Posted on October 30th, 2009 2 comments
The second year IGERTeers are embarking on the first steps toward our second year project. Check out our application to the YPO-Prize Scripps Inovation Challenge:
Posted on October 30th, 2009 No comments
Good news, graduate-school-applying friends! You’ve found a great potential home for your awesome interdisciplinary self– The IGERT program in Global Change, Marine Ecosystems and Society is now accepting fellowship applications!
The main goal of the IGERT program is to get people talking with one another across disciplines to solve complex problems. And this is more than the occasional beer you might have with that guy in the anthropology department. Truly, the IGERT program aims to have students tackle issues from all sides through increasing each student’s knowledge-base, interdisciplinary training and experience, and collaborations. The faculty under the IGERT umbrella are an incredible bunch. It’s hard to not enjoy watching Dick Norris get the twinkle in his eye when discussing the strata lining Black’s Beach, listening to Naomi Oreskes on a roll about the misinformation campaign for global warming, or talking with Ted Groves about the economics of turtle conservation. Plus, one of the coolest parts of CMBC is the student body. I know I speak for others when I say that my fellow CMBCers and Scrippsonians have been essential to my growth as a student and scientist over the past year. To mention study groups, mentoring in the lab, international training underwater, and long discussions over coffee would not even begin to describe this support.
Check out the blog for profiles of past and present CMBCers to get a sense for this incredible student body and the work coming out of CMBC. But in the end, you just need to apply and join in!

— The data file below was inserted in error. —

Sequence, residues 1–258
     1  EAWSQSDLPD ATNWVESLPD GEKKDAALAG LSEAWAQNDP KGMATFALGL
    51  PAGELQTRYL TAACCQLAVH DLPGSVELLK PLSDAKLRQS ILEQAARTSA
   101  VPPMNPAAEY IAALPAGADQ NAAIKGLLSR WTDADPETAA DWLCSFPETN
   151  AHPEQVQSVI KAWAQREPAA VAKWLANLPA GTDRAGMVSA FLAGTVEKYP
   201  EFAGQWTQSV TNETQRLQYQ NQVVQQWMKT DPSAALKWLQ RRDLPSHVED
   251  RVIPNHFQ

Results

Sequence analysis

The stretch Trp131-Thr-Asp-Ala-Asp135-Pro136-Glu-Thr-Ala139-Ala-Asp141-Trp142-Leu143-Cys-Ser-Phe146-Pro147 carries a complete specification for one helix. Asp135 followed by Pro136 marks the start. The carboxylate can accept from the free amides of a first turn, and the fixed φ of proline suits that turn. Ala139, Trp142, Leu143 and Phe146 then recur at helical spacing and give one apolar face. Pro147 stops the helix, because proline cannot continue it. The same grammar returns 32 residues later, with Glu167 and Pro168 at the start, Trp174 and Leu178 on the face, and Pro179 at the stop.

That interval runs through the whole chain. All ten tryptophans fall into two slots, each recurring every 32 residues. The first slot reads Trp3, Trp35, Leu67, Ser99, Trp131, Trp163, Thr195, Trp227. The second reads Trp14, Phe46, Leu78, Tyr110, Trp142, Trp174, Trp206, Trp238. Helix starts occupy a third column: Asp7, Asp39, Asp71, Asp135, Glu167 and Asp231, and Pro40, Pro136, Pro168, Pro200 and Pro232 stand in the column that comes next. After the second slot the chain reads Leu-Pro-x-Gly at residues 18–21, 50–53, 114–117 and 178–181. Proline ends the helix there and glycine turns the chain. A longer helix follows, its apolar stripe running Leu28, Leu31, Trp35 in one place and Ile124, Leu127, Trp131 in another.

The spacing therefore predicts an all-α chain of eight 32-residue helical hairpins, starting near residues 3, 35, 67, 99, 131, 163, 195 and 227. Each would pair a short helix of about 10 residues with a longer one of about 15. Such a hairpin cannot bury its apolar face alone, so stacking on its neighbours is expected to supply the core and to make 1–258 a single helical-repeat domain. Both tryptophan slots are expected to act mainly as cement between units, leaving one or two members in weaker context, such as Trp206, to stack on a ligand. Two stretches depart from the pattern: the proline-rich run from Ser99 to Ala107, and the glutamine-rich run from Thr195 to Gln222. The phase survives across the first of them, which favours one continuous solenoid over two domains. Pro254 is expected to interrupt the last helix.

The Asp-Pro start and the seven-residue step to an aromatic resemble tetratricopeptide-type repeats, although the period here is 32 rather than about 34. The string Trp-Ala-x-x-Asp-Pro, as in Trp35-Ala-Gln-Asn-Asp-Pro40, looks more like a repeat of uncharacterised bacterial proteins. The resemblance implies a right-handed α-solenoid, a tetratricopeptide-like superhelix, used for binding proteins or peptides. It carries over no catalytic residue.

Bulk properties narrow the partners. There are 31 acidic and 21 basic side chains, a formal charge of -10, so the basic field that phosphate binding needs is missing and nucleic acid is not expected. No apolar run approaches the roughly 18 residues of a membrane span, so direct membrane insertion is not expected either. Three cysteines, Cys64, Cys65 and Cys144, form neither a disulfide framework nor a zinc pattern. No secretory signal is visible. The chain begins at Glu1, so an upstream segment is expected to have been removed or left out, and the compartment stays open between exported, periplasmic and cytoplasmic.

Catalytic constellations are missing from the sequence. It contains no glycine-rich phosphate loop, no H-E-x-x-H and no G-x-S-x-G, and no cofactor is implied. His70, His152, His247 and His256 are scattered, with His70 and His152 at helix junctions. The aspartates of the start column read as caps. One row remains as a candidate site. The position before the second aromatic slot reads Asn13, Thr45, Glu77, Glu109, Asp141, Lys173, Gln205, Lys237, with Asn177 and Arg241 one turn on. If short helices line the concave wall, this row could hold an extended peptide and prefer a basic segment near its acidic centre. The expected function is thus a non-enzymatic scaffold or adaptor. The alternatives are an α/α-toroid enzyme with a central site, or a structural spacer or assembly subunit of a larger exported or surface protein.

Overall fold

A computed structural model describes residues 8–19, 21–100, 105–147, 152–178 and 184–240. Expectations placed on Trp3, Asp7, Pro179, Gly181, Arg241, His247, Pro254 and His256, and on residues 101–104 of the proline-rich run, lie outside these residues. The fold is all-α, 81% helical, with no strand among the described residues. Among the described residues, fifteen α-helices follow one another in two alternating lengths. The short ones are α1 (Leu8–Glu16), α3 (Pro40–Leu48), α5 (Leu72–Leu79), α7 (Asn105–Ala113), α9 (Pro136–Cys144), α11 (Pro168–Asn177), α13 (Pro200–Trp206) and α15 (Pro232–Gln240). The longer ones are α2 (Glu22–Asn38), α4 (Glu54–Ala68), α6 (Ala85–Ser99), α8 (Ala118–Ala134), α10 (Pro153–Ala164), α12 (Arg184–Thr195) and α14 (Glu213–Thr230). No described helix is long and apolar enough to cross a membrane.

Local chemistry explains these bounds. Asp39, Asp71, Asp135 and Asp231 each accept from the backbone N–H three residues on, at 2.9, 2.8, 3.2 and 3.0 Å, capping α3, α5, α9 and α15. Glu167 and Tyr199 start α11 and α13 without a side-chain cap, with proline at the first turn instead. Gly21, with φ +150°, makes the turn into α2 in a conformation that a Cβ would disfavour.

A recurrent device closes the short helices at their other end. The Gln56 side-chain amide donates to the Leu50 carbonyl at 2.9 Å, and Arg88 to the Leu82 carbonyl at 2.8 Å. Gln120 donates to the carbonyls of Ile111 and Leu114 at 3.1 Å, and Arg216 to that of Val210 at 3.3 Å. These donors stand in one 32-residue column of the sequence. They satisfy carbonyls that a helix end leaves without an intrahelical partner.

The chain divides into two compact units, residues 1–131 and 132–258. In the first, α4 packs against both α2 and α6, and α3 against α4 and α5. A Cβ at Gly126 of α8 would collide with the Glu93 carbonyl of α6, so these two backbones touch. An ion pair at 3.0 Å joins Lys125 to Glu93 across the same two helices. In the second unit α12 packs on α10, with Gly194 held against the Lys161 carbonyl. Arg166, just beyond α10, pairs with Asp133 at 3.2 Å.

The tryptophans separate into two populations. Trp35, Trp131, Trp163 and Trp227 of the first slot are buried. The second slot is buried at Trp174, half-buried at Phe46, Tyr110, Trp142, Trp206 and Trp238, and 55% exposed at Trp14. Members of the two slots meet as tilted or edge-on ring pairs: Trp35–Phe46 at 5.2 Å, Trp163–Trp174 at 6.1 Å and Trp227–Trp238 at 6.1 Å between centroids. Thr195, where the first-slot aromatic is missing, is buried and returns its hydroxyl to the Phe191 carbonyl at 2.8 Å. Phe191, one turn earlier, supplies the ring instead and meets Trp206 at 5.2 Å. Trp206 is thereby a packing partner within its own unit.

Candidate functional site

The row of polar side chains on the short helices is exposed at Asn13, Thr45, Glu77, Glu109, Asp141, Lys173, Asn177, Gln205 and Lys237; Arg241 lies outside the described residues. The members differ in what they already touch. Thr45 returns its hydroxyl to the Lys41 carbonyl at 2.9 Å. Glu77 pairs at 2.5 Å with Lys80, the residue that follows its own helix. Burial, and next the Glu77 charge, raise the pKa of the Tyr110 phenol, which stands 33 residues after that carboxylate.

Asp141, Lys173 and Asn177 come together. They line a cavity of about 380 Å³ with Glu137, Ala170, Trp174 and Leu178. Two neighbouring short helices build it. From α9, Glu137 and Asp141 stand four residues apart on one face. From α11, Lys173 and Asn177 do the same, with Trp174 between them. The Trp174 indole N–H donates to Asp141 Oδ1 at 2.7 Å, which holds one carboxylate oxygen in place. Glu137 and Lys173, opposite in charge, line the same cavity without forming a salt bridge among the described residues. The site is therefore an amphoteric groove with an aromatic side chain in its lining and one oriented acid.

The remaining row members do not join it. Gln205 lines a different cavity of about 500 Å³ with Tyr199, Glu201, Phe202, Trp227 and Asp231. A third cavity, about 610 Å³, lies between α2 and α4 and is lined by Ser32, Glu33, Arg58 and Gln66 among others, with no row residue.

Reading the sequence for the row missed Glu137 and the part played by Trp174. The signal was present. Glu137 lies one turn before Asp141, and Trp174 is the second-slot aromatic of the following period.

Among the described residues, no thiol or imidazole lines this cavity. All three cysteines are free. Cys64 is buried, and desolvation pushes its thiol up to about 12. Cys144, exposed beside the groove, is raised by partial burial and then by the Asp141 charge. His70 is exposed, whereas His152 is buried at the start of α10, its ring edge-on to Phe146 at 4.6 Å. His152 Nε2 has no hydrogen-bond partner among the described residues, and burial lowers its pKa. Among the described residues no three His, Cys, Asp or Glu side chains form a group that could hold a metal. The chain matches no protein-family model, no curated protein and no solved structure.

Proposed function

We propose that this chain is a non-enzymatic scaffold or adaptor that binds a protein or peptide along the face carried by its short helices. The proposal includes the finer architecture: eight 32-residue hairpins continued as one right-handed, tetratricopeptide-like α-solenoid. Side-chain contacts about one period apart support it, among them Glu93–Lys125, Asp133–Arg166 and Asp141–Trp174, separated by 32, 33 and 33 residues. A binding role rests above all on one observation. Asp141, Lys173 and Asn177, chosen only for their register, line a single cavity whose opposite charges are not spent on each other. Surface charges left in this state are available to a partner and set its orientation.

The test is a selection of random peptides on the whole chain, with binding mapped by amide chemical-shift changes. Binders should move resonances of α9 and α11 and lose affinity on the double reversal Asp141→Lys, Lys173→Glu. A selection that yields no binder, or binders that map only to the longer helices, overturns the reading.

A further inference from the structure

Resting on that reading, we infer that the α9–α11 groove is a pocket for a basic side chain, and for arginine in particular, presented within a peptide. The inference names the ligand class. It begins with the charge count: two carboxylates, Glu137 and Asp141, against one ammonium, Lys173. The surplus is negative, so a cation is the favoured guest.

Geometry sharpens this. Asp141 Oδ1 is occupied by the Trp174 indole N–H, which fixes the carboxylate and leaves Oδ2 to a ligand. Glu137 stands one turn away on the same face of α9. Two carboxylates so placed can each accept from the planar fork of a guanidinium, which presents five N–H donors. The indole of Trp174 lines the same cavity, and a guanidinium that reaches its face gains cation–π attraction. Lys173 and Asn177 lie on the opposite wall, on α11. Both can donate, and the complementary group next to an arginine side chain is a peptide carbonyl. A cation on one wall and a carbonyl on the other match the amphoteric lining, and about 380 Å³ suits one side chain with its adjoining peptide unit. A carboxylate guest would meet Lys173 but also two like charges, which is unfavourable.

Posted on October 29th, 2009 No comments
At CMBC we are celebrating the acknowledgement of the work of Professor Jeremy Jackson. He was awarded the Paleontological Society Medal on October 17 at the Geological Society of America meeting in Portland, Oregon. The Society noted that he has made an enormous contribution to paleontological research and that he represents the perfect alliance of paleontology and biology in the quest to answer important evolutionary and paleoecological questions.
Jeremy is also the director of our Center and one of the professors at Scripps that inspires us the most to continue with our efforts to help conserve the world’s ocean. Consequently, we are delighted to post such great news in our blog. Congratulations, Jeremy!
View Press Release
Posted on October 29th, 2009 No comments
(Photograph by Bruno Calendini, Biosphoto)
240 million years ago the ancestors of modern crocodilians appeared on Earth. Some of them managed to survive the cataclysm of the Triassic and diversified into the modern crocodilians. These made their appearance about 80 million years ago. Even though they managed to survive the Cretaceous-Tertiary massive extinction and that crocodilian conservation measures have managed to reduce illegal hunting for their skins, we are not sure that they will be able to survive the threat of habitat reduction imposed by us, humans. John Thorbjarnarson of the Wildlife Conservation Society declared to National Geographic Magazine, “whereas 20 years ago there may have been 15 or 20 species that were listed as endangered, now there are really only seven, all reflecting the loss of their habitat.”
Discover more about this story and view more impressive croc visuals in the November 2009 issue of the National Geographic Magazine!
Posted on October 28th, 2009 2 comments
Changing Seas is a new 12-part series produced by the local PBS affiliate in Miami that takes viewers to sea with scientists and explorers to look at the ocean issues we are all facing as we move forward into the 21st century. The episode that I’ve linked here is a success story that actually illustrates the political complexity facing any sort of marine management issue.
Goliath Groupers were almost fished into extinction in the later half of the 2oth century by fishermen who figured out that these huge animals were actually pretty predictable in terms of behavior. The fish was near extinction when finally protected in 1988 and has been showing signs of making a great comeback of late. As they’ve rebounded, questions about reopening the fishery have begun to be asked. While resistance has been stiff against this, fisherman have started to question whether the resurgence in these “super” groupers numbers haven’t had a detrimental effect on other fish populations. The contention that they’ve been responsible for sharp drops in snapper and other lesser grouper populations is fairly novel because Goliath Grouper primarily feed on crustaceans.